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Optional tasks: if you are satisfied with the results of your work, why not take a nice picture of it?  And if you do, be sure to share it in the Dremelsaurus build group!  There’s a photos section; and if you have a lot of shots, you can create an album for them.

1. Project photography

Product photography is really fun and interesting.  We are planning a skills tutorial for this topic in the future, if you are interested, please check out the preview and upvote it!  For the moment though, I’ll just briefly outline how I took shots of my completed dino tool holder.

Note: if you don’t have the time or inclination for this type of setup, just use your phone to take a shot of your project, and share in the Dremelsaurus build group!

Orangemonkie Foldio3 lightbox: bright, stores flat, fast magnetic assembly 1 of 5 Orangemonkie light bar set for Foldio3, for even illumination of irregular objects 2 of 5 Canon M50 DSLR set with lens and memory card, amazing still and video quality 3 of 5 10ft micro USB cable long enough for real-time previewing on your PC 4 of 5 Rock solid, smooth panning table tripod from Orangemonkie 5 of 5

This is a clean and tidy project photography kit

Collapsible light box

Often I’ll just grab an in-situ snap with my phone, which can sometimes be cropped and touched up to be good enough.  But when I want a nice shot, I set up my Foldio3 collapsible lightbox.  It has LED light strips built in, and magnetic assembly, and a nice carrying box.  It can be set up in literally two mins or less, and takes about two feet of desk space. The Foldio3 lightbox comes with two backdrops, a black and a white one.  The white one is good for Amazon-style product shots, and the black one is nice for fine-art style shots.

Light fill bars

For good illumination, I also fill in the lighting with Foldio light bars, which is an add-on you can buy for the lightbox.  They plug into the same dimmer controller and can be controlled separately, for different lighting effects.

Colored backdrops

If you buy the small Foldio box, which is super convenient but tricky for larger projects, it also comes with grey and green backdrops.  The green backdrop is particularly interesting, because then you can do chromakey, meaning drop out the background and sub in an image, for fancy effects. Although, for still photography, a neutral background is better, as in the shot below you can see that the green background shows in the highlights on the subject, which is ugly.  For Photoshopping, try gray background instead.

  Box o' junk...   ...tidy and funny!
A green backdrop to digitally sub out for a fanciful background (jungle by Isaac Quesada)

Smooth panning mini tripod

A quality tripod is so much more important than we might guess at first, for fast, frustration-free photo shoots.  Orangemonkie makes a great tabletop tripod that pairs well with their lightbox, and the Canon M50.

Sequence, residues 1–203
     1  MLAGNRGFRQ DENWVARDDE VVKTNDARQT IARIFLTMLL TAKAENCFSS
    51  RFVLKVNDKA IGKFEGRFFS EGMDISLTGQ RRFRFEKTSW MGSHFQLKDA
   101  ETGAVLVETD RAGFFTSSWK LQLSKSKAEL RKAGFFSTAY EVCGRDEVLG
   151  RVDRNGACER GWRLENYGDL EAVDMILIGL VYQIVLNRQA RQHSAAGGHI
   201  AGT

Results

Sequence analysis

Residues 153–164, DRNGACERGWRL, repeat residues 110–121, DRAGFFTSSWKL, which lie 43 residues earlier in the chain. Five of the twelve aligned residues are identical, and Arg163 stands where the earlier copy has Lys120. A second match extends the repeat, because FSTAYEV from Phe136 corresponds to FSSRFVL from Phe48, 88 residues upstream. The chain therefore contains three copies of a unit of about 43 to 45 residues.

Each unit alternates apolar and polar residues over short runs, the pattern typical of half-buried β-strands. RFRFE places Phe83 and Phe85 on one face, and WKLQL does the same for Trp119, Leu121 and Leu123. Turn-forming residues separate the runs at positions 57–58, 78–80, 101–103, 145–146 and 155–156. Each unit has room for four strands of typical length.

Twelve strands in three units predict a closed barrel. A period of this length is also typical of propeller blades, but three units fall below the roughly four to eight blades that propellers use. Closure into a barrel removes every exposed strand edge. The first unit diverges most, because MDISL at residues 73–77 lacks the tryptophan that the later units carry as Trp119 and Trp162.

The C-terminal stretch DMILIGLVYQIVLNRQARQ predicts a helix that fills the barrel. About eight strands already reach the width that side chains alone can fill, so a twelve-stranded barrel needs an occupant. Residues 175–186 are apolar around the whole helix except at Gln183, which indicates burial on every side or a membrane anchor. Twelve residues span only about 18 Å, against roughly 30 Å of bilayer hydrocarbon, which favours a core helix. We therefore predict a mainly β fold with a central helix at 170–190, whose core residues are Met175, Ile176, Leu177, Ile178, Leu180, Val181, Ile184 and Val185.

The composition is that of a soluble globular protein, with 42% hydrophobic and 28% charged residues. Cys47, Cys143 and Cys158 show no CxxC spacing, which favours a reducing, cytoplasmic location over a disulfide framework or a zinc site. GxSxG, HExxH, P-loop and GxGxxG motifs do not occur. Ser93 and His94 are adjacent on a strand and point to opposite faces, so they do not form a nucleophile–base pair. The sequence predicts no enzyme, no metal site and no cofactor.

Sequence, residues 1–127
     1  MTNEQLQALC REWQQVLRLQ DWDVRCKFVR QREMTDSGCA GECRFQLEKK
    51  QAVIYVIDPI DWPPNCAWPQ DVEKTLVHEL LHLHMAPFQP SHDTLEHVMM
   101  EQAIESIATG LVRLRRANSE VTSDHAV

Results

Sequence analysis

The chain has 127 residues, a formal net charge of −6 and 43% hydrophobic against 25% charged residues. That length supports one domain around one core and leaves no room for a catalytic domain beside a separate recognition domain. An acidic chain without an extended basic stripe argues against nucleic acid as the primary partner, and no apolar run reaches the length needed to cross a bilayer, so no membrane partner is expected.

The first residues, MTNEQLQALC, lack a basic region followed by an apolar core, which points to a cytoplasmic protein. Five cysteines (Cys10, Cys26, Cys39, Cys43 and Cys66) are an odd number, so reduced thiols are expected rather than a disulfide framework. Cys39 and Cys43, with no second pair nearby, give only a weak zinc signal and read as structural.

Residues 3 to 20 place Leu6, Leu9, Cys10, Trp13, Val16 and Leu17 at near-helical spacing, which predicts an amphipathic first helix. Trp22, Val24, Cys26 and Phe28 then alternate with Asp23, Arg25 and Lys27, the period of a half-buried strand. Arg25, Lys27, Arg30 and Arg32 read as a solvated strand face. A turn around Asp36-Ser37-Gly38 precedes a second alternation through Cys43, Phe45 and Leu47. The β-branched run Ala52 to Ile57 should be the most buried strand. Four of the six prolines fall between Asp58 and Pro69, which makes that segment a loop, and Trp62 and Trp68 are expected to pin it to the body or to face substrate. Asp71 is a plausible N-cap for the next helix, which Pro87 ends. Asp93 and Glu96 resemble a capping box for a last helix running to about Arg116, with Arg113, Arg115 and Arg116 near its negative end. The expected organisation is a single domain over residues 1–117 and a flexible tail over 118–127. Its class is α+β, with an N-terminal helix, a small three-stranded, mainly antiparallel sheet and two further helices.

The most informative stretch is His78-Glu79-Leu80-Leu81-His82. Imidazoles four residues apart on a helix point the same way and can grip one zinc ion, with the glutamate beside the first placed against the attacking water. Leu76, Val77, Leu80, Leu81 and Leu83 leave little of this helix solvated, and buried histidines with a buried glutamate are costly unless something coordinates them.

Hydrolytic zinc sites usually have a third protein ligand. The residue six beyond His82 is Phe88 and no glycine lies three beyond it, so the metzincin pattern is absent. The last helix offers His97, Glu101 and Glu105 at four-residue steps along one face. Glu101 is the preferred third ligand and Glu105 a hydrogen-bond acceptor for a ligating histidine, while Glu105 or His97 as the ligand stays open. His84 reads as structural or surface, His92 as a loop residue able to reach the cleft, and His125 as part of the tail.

Canon M50 camera

I like my Canon M50 camera because it comes with a decent lens.  And, if we buy a long USB cable, we can use their PC software to set up, preview, focus and shoot remotely, on a big screen!  So we can make sure everything’s perfect every time: no more frustrating reshoots.
Canon's remote shooting software makes a great camera even more useful

Want a tutorial on project photography?

If you want us to expand this into a full step by step tutorial on how to do perfect photos of your projects, please check our that tutorial proposal, and upvote it for development!  We use the interests of our users to drive all new development.

skill tutorials

Project photography

This tutorial will cover a complete compact professional project/product photography station, for stellar documentation of your creative work!

2. Sharing

Why take a nice shot of a nice build, if you don’t share it?  At the very minimum, head on over to this build’s support group and post your shot in the feed, where it will automatically end up also in the group’s photo collection.

 

Document your build with a photo, and post it to the Dremelsaurus build group's feed

Make your own photo album

If you end up with a bunch of shots you like, you can make yourself an album.  Head over to the Dremelsaurus build group, click on the Albums tab, then click Create Album.  Give it a nice title, and drop in photos.  The only tricky part is, you can only upload ten images at a time.  For more images, just do multiple uploads of ten at a time or less.  Also tricky: don’t click away till all photos are confirmed uploaded, or you will have to do it all over again and be more patent the second time 🙂

 

Better yet, take a bunch of phots and create your own album for them

That’s a wrap! Click the Mark Step Complete button, at the bottom of this page, to earn this sweet animated digital badge for finishing this build.

What's next?

Like this build?  Here are a couple more ideas:

skill tutorials

How to use a multi-tool

This tutorial will include essential skills, usage tips, techniques tricks and recommendations for the most popular brand of multi-tool.